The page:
When Ted Turner started CNN, he proclaimed that “the news is the star.” Ailes, on the other hand, has always been a vocal believer in the power of personality. He was the one who, as a young producer of “The Mike Douglas Show,” advised Richard Nixon to embrace the power of television, and who, as a professional political adviser, taught George H. W. Bush how to best Dan Rather in an interview. Ailes knows as well as any television professional alive that personality is the essence of the medium — he called his 1987 self-help book “You Are the Message,” a wink at Marshall McLuhan’s insight that the medium is the message, and subtitled it “Getting What You Want by Being Who You Are.” Ailes’s advice was just what you would expect: “If you can get the audience to pull for you, you’ll always win.”

The challenge, then, was to get everyone pulling for the same guy. In this regard, Bill O’Reilly, 65, has been the prototypical Fox personality. A former correspondent for ABC News who never quite fit the broadcast mold, he grew up in Levittown, on Long Island, and could throw buckets of regular-white-guy resentment at the camera with an uncanny panache. His nightly sign off, “We’re definitely looking out for you,” could easily translate to “We’re in this together.” He has been the top-rated star in all of cable for 13 years running. (And often the best-selling nonfiction author in America as well.) O’Reilly presents himself as a right-leaning populist, with his regular references to “secular progressives” and “the radical left.” But every once in a while he’ll take an unexpected position, say, like his support for some modest gun controls. As O’Reilly told me in a phone interview in November, his show “isn’t a consistent ideological presentation because that doesn’t really work anymore.” A predictable ideological line, he said, is “a niche thing. You can still make a good living doing it, but if you want to be wide, you’ve gotta have a bunch of dimensions.”

‘Our critics are always like, “She wore red for Republicans.” They don’t cover it when you wear blue.’

The last time Pew studied it, in 2012, O’Reilly’s audience was 52 percent Republican, 30 percent independent and 15 percent Democratic. The show that followed his for many years, “Hannity,” with the conservative talk-radio host Sean Hannity, who takes a more traditional Republican line, had an audience that was 65 percent Republican, 22 percent independent and 6 percent Democratic. In speaking to me, Ailes, while complimentary of Hannity as “a unique personality,” also called his show “segmented.” It is no coincidence that, as part of Kelly’s professional development, Ailes made her a regular guest on O’Reilly, where she had to frequently debate him, stand her ground and occasionally mouth off. Finally he moved Kelly into Hannity’s 9 p.m. slot, bumping him to 10 p.m.

I can find no polls that break down the ideological views of Kelly’s audience, and Ailes himself says he does not even have an official Q-score, the industrywide benchmark for TV talent, to rate her by. He says he doesn’t need one. “I have the Q-score,” he told me, pointing at his head.

He also has the ratings. “The Kelly File” is the only cable-news program in the 9 p.m. time slot to show year-over-year growth in overall viewership and in the 25-to-54 demographic. In November, when she was covering the unrest in Ferguson, Mo., Kelly beat O’Reilly among the 25-to-54 demographic, marking the first time any Fox star had done so without audience-boosting presidential debates or conventions running into their time slots. Kelly ended 2014 just behind O’Reilly, holding second place in all of cable news. In her own time slot, she is ahead of everyone, not just in news but on all of basic cable: “Duck Dynasty,” “Mob Wives,” everything but sports. For Roger Ailes, Megyn is clearly the message.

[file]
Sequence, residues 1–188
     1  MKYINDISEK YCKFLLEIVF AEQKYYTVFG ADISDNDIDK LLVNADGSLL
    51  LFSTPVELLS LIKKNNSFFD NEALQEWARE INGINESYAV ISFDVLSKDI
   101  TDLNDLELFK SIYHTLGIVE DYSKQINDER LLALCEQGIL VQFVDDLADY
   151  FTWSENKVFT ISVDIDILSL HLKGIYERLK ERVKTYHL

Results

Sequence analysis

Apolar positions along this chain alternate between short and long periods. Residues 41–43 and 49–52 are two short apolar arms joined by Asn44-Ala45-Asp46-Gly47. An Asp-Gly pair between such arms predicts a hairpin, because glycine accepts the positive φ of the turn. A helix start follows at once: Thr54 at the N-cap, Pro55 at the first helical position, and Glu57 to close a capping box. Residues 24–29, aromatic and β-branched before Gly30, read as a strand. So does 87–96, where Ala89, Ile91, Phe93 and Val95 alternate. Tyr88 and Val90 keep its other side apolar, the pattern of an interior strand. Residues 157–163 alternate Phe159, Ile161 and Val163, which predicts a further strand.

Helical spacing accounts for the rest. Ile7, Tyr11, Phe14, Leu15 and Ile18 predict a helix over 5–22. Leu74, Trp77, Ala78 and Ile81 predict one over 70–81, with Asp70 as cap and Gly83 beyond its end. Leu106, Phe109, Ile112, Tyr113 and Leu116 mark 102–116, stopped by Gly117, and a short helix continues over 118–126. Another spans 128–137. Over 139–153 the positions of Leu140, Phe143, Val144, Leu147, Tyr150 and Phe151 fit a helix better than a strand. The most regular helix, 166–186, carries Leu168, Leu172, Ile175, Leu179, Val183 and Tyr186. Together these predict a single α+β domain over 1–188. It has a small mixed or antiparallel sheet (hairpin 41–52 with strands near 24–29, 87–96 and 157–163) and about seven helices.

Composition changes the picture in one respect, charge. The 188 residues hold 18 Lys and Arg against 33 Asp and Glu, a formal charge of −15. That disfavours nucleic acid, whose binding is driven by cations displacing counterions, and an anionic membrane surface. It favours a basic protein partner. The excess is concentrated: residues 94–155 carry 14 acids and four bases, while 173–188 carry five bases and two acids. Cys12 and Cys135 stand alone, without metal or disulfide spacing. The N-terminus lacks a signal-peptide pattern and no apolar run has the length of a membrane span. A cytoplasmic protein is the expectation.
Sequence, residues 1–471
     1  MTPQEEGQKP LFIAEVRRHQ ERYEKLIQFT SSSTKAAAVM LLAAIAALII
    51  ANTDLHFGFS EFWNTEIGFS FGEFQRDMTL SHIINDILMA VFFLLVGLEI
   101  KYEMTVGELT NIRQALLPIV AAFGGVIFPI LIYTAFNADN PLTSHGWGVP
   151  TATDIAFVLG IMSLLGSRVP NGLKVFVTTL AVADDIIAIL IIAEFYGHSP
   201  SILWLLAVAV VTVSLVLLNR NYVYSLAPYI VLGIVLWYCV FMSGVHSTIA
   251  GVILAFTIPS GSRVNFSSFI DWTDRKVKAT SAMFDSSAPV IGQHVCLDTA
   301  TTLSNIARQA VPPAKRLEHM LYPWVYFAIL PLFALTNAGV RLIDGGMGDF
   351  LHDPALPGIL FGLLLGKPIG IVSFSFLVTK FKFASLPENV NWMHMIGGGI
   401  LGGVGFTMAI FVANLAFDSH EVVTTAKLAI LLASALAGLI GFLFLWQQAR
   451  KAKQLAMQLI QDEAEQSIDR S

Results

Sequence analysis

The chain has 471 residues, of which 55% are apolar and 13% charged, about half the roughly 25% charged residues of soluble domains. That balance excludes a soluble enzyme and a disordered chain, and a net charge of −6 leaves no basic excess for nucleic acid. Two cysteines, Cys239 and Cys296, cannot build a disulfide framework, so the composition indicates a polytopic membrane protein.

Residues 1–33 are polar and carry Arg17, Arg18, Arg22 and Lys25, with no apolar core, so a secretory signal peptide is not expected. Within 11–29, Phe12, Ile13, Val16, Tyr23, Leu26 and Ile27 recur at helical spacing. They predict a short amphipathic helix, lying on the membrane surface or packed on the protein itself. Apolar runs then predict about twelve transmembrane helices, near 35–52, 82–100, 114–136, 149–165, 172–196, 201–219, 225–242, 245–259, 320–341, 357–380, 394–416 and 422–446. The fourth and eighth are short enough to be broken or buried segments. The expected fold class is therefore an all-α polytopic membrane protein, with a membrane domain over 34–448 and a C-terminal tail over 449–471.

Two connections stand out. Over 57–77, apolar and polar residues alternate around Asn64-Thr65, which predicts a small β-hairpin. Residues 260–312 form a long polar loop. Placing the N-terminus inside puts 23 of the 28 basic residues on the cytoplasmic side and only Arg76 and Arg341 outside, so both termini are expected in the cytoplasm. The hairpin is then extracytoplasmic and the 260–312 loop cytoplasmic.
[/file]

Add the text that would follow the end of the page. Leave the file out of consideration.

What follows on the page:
* * * *

Kelly, who is now 44, grew up in Ailes’s America, in a middle-class suburb of Albany called Delmar. She was the youngest of three children, worked as a fitness instructor and went to Mass most Sundays. Her father was an education professor at the State University of New York at Albany, and her mother ran the behavioral-health department at a Veterans Administration hospital. As a teenager in the late 1980s, she lived in a mall rat’s bubble of tall hair, leg warmers and Bon Jovi; one of the popular kids, she was the type who also had friends among the other groups at Bethlehem Central High School, with names like the Dirties (hackeysack-playing stoners) and the Creamies (choir geeks). Reality intruded early. Ten days before Christmas, when Kelly was 15, her father died of a heart attack. He had canceled some of his life-insurance coverage just two months earlier. Money had been tight, and Kelly’s mother had to worry about the mortgage and other expenses. In her senior yearbook, Megyn listed her future hopes in three words: “College, government, wealth.”

Kelly took a high-school aptitude test that, in a perhaps rare moment of accuracy for such tests, suggested that her ideal career was news. She applied to Syracuse in hopes of attending its well-regarded communications program; she was accepted to the school but rejected from the program, so she majored in political science instead. She won a seat in the student senate and was assigned to a panel that investigated faculty sexual-harassment cases, which in turn, she says, piqued her interest in becoming a prosecutor. But after she got her J.D. from Albany Law School in 1995 and found herself facing $100,000 in student loans, she decided to pursue a better-paying career in corporate litigation.